aeroplane

noun
aero·plane | \ˈer-ə-ˌplān \

Definition of aeroplane 

chiefly British

Examples of aeroplane in a Sentence

an exhibit of a few of the aeroplanes that won the Battle of Britain

Recent Examples on the Web

Admiral Davidson described how once-obscure rocks controlled by China now bristle with radar arrays and electronic warfare kit and are studded with aeroplane hangars and bunkers. The Economist, "China has put missiles on islands in the South China Sea," 10 May 2018 Firms with the most to lose were the worst hit: the share price for Boeing, an aeroplane-maker and a big exporter to China, fell by nearly 5% on the news before regaining ground. The Economist, "Business this week," 5 Apr. 2018 An aeroplane approaching London City Airport passes the offices of HSBC. Paul J. Davies, WSJ, "The Big Bank Growth Problem: It’s Hard to Move the Needle," 11 June 2018 His opponent in the coming election, Moussa Mustafa Moussa, chose an aeroplane. The Economist, "Egypt’s sham election features two candidates, but no choice," 22 Mar. 2018 The actual time aloft in the third and crowning test that demonstrated his theory that an aeroplane can compete with the sea-bird, was one minute and tweenty-one seconds. sandiegouniontribune.com, "Biplane flies," 27 Jan. 2018 But an aeroplane is simply an aviong, from the Portuguese avião rather than the German Flugzeug. The Economist, "Gialdo alertThe fight to save European dialects in Brazil," 1 Mar. 2018 On the 4th of May 1949, an aeroplane carrying the entire Torino team crashed into the Basilica of Superga in Turin. SI.com, "World Cup Countdown: 17 Weeks to Go - How the Superga Air Disaster Changed the 1950 Tournament," 20 Feb. 2018 Only 3% of Indians have ever been on an aeroplane; only one in 45 owns a car or lorry. The Economist, "India’s missing middleIndia has a hole where its middle class should be," 13 Jan. 2018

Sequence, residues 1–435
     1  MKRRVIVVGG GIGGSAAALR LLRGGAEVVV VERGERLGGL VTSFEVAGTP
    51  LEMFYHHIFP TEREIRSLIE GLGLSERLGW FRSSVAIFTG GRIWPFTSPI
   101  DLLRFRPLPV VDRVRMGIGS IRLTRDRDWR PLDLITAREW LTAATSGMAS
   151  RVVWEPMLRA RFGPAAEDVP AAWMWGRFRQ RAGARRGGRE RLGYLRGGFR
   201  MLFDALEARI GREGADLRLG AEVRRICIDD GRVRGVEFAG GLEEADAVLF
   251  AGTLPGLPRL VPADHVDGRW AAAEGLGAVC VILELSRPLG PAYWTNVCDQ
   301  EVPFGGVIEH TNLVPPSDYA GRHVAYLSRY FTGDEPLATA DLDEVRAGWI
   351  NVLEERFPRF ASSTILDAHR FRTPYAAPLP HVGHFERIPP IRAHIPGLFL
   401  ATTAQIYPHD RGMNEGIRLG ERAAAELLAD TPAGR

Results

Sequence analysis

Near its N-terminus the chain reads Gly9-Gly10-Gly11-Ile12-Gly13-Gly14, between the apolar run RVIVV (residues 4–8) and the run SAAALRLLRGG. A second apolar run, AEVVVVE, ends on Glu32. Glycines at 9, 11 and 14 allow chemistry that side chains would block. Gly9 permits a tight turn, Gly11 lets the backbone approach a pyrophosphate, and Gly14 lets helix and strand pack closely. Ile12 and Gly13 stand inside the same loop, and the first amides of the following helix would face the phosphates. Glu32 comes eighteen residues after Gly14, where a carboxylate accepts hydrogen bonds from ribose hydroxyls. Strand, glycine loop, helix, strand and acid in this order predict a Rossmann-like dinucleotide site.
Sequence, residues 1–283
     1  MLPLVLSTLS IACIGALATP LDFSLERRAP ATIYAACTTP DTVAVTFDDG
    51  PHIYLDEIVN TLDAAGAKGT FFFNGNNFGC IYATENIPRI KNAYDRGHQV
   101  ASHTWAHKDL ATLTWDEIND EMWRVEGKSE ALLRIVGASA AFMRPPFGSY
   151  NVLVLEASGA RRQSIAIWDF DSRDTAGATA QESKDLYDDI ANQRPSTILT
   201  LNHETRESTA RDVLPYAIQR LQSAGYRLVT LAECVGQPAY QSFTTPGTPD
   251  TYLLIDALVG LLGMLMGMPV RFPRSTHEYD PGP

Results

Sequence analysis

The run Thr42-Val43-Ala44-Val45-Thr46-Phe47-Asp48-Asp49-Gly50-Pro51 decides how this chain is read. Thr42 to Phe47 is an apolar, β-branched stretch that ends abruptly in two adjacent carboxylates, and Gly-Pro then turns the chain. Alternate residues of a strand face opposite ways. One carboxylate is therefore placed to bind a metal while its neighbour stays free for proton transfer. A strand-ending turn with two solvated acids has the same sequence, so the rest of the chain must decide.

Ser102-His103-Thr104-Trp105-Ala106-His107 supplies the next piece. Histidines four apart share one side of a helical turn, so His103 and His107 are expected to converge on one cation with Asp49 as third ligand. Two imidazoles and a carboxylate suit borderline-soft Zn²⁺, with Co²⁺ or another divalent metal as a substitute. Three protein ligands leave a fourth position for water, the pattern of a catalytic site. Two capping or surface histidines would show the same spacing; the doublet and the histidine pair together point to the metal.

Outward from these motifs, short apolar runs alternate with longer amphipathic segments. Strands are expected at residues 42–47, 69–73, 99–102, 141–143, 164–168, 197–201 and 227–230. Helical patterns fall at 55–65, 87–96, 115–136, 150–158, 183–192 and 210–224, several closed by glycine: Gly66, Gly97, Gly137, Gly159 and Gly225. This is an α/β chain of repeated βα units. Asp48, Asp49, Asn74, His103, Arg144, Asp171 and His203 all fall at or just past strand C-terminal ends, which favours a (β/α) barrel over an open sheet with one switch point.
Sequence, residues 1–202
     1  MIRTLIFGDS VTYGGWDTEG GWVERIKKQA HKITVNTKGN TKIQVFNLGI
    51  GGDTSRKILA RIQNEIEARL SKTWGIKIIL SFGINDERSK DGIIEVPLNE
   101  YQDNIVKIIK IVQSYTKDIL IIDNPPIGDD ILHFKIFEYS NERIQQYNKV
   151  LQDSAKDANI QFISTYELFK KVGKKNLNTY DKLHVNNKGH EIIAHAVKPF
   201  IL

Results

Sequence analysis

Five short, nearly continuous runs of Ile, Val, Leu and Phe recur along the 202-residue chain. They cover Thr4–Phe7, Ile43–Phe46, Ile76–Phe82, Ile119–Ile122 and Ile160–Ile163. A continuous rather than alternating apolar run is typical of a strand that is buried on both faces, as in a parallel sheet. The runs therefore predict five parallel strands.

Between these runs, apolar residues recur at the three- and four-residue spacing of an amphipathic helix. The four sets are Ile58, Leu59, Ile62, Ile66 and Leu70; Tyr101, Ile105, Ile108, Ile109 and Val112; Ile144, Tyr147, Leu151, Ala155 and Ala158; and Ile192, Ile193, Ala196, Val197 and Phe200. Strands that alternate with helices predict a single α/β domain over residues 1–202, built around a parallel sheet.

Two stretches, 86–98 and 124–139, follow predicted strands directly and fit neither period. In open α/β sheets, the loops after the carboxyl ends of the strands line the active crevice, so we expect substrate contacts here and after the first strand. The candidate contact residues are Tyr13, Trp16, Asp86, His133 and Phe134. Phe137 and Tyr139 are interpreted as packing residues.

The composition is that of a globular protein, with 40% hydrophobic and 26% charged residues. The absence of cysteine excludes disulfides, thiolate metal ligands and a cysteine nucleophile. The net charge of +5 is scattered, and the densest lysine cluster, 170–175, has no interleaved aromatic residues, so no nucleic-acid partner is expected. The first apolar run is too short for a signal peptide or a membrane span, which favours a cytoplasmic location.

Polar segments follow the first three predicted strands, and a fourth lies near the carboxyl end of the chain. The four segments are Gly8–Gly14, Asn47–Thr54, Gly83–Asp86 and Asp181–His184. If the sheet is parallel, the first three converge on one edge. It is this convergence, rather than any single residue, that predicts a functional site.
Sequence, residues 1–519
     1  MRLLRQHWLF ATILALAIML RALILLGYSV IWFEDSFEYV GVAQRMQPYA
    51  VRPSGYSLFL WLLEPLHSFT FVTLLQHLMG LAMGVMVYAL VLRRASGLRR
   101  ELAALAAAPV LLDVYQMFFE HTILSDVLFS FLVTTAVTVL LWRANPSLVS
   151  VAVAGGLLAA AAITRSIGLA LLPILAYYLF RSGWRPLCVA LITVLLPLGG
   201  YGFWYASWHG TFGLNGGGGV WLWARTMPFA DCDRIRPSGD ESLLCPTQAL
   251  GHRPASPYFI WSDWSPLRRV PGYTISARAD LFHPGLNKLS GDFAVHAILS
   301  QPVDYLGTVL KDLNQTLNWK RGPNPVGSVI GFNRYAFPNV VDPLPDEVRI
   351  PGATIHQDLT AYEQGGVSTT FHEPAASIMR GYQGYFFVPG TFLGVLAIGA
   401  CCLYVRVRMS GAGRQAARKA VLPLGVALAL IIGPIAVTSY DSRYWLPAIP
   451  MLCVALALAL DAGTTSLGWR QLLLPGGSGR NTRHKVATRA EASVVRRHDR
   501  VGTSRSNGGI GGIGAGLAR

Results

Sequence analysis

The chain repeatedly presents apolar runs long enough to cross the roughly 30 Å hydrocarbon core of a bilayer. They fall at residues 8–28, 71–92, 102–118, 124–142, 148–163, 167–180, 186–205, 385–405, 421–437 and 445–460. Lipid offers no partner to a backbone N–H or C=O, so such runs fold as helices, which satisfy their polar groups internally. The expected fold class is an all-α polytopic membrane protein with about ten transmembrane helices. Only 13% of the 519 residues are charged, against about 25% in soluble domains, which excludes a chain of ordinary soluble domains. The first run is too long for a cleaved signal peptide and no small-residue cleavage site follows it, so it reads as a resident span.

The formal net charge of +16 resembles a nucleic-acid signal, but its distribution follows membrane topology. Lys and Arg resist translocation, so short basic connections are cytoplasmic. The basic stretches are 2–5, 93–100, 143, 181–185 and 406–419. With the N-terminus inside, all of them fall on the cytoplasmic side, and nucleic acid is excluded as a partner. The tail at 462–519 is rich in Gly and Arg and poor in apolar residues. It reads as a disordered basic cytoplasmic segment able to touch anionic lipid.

These example sentences are selected automatically from various online news sources to reflect current usage of the word 'aeroplane.' Views expressed in the examples do not represent the opinion of Merriam-Webster or its editors. Send us feedback.

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First Known Use of aeroplane

1868, in the meaning defined above

History and Etymology for aeroplane

borrowed from French aéroplane, from aéro- aero- + -plane, probably from feminine of plan "flat, level," borrowed from Latin plānus — more at floor entry 1

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The first known use of aeroplane was in 1868

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a state of commotion or excitement

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